At this point the race crosses into DC over the Memorial Bridge, the Lincoln Memorial straight ahead. This is also where some initial jockeying begins as runners try to settle into their cruising pace and sometimes mark off another runner. There is a team competition after all and especially for the military base teams, it seems to be a pretty big deal. I wasn’t too concerned about this as I felt I was already where I wanted to be. I missed the 2-mile split mark and after that came a water stop, which thanks to having a bottle of water beforehand, I didn’t need water yet, so I continued on past it. Not far after that was the 3-mile mark…2 mile split – 13:08. Still right on.
At this point we turn onto Rock Creek Parkway and head briefly underneath the Kennedy Center. This was a bit of a relief as there was a cool breeze blowing. Then it was onto Ohio Drive heading towards Independence Avenue and the 4-mile mark. Split – 6:35.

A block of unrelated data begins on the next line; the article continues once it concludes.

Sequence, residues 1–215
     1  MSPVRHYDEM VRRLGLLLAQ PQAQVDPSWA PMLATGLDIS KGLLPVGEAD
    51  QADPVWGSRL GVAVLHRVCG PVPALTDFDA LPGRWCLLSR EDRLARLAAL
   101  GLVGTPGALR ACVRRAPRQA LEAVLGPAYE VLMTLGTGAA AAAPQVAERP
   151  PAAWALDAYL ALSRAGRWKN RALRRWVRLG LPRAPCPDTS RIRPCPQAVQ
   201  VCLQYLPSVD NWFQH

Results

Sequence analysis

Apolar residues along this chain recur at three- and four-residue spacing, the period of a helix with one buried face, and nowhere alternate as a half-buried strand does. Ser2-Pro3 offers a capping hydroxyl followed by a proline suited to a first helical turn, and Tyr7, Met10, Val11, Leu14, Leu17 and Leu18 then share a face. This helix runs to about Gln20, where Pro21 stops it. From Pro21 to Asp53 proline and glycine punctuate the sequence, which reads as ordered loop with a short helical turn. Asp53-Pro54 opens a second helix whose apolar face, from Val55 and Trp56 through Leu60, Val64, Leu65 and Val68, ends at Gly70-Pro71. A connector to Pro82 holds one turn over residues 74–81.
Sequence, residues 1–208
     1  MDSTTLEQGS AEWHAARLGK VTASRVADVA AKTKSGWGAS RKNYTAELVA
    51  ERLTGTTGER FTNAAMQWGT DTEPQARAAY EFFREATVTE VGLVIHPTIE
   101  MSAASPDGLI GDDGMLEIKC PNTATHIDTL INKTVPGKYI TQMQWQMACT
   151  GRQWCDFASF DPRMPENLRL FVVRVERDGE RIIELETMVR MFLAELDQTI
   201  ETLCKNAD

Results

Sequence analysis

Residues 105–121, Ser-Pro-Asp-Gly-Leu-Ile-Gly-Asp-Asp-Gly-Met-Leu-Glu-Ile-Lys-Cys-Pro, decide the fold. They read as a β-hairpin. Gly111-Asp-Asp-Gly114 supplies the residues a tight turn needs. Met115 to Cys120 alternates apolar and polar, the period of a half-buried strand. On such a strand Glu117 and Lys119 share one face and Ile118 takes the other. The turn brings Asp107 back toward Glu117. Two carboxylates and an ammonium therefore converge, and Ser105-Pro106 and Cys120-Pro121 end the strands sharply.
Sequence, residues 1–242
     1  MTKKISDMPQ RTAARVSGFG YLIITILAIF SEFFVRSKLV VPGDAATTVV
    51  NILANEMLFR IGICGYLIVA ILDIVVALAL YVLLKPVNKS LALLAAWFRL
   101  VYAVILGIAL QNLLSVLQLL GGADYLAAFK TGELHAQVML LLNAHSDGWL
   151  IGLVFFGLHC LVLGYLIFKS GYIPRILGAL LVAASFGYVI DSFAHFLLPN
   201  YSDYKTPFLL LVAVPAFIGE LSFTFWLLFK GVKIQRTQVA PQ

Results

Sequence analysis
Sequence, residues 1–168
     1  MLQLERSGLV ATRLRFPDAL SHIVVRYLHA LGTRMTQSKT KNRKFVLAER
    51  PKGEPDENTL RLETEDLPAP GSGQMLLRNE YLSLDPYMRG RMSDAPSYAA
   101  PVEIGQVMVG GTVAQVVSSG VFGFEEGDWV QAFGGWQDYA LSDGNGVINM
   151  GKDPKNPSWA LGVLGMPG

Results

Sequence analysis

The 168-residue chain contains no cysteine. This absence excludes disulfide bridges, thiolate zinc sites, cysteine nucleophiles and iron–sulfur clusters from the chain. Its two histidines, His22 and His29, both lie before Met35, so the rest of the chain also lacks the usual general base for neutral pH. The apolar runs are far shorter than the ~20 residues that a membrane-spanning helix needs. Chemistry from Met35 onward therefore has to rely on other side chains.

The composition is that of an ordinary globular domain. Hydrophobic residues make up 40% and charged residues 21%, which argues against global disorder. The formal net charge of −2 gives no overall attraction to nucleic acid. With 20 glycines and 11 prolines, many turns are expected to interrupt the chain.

I then bypass yet another water stop, telling myself I’ll take water at Mile 6 if I need to. But right now I’m still feeling fine on hydration. My legs are starting to tire just a little bit, however. So I concentrate on working my arms more, letting my upper body do more work and that seems to help. Still my pace does slip a little. Split – 6:40, but that still leaves me averaging 6:35 at the halfway point.